463 squadron RAAF
463 Squadron, Royal Australian Air Force was formed from C Flight of 467 Squadron RAAF at Waddington in the United Kingdom on 25 November 1943, in accordance with Article XV of the Empire Air Training Scheme. Like 467 Squadron, 463 was equipped with Lancaster heavy bombers and formed part of 5 Group of RAF Bomber Command. Its first commanding officer was Wing Commander Rollo Kingsford-Smith, the nephew of the famous Australian aviator Sir Charles Kingsford-Smith.
The squadron began operations the night after its formation with an attack on Berlin. Night raids on Germany became a focus of the squadron's activities and it was heavily engaged during the battles of Berlin and the Ruhr. It also took part in numerous raids on the sites used to assemble and launch V1 flying bombs and V2 rockets against Britain. The squadron's "future" though was far from assured as this rather pithy letter to the Air Ministry testifies:
Prior to the Allied invasion of occupied Europe, the emphasis of Bomber Command's operations switched to military targets in and around Normandy. On D-Day, 6 June 1944, 467 Squadron attacked the German artillery batteries on Pointe du Hoc, which covered "Omaha" beach, but with little success. Raids in support of the ground campaign continued throughout June and into July, with an increasing number being conducted in daylight - but the focus of Bomber Command's operations progressively returned to the strategic bombing campaign against Germany. 463 Squadron also operated three specially-modified Lancasters for the RAF film unit which were used to record bombing raids and their results. One of these aircraft took part in the attack on the German battleship Tirpitz on 15 September 1944.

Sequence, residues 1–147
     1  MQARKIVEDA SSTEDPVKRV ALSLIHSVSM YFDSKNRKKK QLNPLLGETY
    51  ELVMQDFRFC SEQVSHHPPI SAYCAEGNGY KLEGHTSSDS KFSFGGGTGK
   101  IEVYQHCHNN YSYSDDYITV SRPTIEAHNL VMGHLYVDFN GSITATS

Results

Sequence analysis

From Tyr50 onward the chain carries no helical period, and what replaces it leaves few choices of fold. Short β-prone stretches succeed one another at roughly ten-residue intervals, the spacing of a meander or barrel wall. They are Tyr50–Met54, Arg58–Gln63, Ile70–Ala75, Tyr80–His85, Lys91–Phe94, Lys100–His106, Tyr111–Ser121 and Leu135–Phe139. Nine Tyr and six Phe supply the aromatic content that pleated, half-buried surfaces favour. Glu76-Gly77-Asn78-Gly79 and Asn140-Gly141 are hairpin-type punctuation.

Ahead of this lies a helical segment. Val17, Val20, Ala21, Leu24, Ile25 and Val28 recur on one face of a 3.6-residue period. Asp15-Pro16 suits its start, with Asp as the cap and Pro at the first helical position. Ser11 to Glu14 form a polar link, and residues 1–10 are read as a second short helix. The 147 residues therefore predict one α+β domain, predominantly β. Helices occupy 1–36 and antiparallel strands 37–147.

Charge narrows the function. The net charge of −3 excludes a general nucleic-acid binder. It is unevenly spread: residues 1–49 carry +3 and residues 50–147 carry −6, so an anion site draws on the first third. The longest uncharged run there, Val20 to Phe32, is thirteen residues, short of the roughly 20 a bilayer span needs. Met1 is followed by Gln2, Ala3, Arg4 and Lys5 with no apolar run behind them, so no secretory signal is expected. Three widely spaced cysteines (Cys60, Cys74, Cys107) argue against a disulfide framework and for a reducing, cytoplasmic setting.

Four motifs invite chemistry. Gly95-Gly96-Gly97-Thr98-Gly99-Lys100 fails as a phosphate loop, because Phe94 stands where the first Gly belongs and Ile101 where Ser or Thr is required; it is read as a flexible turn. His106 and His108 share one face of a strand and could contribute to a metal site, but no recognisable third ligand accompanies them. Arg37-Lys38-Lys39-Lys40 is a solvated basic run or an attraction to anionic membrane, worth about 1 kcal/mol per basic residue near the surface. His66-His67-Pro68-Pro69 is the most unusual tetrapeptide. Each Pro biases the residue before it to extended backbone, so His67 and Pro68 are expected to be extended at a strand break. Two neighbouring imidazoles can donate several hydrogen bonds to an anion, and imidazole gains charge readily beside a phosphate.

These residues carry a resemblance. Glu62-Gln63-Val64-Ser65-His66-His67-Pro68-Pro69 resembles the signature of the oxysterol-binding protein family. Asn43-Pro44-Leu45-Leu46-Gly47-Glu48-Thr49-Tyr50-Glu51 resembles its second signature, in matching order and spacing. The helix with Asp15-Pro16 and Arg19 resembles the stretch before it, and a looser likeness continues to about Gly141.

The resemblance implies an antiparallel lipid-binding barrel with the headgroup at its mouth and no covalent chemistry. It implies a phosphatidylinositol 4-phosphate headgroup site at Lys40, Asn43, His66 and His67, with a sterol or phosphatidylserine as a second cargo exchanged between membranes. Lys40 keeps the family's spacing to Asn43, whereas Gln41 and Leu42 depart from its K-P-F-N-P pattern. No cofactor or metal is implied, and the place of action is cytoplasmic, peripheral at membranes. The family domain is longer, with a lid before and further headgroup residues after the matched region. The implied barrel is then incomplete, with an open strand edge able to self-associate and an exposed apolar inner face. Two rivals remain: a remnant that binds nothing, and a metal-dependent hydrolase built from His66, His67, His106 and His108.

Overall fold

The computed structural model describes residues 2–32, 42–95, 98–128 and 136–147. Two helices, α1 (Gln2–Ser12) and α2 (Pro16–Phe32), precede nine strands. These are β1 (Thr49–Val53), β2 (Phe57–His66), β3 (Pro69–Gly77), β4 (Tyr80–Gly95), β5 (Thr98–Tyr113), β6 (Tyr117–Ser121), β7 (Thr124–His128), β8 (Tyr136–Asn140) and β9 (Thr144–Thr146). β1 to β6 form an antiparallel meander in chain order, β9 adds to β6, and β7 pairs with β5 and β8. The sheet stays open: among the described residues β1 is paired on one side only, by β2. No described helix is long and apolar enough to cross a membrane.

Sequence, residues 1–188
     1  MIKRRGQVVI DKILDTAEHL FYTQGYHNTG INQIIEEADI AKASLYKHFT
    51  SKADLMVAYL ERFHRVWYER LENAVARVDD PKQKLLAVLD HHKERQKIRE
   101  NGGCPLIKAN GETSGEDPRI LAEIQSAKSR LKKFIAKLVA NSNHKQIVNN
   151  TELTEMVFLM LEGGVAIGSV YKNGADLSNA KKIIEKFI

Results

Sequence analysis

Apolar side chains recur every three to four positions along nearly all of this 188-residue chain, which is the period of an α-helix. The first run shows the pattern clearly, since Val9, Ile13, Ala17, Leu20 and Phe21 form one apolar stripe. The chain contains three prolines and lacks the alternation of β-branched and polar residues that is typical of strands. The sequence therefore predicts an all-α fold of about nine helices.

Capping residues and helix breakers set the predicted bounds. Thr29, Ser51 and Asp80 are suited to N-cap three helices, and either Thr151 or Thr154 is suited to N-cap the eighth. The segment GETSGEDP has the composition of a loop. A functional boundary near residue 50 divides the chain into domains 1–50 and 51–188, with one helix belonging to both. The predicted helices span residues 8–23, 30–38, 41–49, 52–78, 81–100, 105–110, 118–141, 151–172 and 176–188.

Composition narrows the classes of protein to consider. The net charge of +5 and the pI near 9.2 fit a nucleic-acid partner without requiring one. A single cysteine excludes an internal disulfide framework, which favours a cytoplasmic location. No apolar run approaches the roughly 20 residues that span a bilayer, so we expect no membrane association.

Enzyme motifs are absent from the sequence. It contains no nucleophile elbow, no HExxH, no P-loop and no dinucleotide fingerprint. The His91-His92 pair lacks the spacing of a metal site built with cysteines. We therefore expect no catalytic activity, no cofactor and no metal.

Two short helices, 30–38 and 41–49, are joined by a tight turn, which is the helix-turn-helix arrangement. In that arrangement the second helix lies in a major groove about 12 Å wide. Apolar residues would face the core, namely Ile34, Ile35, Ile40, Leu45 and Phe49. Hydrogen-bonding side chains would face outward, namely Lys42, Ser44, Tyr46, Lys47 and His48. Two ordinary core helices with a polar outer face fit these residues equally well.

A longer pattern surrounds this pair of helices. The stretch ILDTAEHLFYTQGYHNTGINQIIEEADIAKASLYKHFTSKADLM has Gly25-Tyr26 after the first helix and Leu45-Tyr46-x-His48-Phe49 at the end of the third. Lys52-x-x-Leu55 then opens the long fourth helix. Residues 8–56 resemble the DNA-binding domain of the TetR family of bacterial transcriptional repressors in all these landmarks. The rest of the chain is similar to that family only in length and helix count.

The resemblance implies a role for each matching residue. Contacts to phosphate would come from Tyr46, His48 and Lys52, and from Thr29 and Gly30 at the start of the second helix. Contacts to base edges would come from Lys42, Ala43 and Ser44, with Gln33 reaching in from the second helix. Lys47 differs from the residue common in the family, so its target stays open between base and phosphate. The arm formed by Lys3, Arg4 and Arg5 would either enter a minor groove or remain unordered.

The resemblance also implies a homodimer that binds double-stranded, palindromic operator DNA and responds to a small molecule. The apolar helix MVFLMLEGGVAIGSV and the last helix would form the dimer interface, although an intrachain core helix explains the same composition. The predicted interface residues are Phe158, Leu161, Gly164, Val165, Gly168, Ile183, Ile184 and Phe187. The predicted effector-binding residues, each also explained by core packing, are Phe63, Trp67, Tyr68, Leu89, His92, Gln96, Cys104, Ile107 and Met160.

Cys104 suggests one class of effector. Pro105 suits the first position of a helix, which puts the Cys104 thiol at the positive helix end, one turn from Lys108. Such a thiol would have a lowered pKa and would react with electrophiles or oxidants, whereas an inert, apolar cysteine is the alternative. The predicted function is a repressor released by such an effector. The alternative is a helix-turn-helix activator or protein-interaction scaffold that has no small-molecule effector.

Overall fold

463 Squadron continued to mount raids against Germany until the war's end. The declining effectiveness of the German defences meant that by this time some raids, even against major German cities, such as Hamburg on 9 April 1945, were being flown in daylight. During this raid the squadron had its first encounter with German jet fighters. The squadron flew its last raid on the night of ANZAC Day 1945.
In 17 months of operations, 463 Squadron flew 2,525 sorties, dropped 11,430 tons of bombs, and its gunners destroyed six enemy aircraft. As was the case throughout Bomber Command, these results came at considerable cost - the squadron lost 546 aircrew, 225 of whom were Australian, and 78 aircraft. In proportion to its size - 463 Squadron operated throughout the war with only two flights instead of the usual three - it sustained the highest loss rate of any of the Australian bomber squadrons.
The squadron had begun ferrying liberated Allied prisoners of war to Britain even before the war ended, and it continued in this role after the cessation of hostilities. It relocated to Skellingthorpe on 3 July 1945 and was one of the squadrons identified to form part of "Tiger Force", Bomber Command's intended contribution to the strategic bombing of Japan. The war in the Pacific ended before the force could be deployed and 463 Squadron disbanded on 25 September 1945.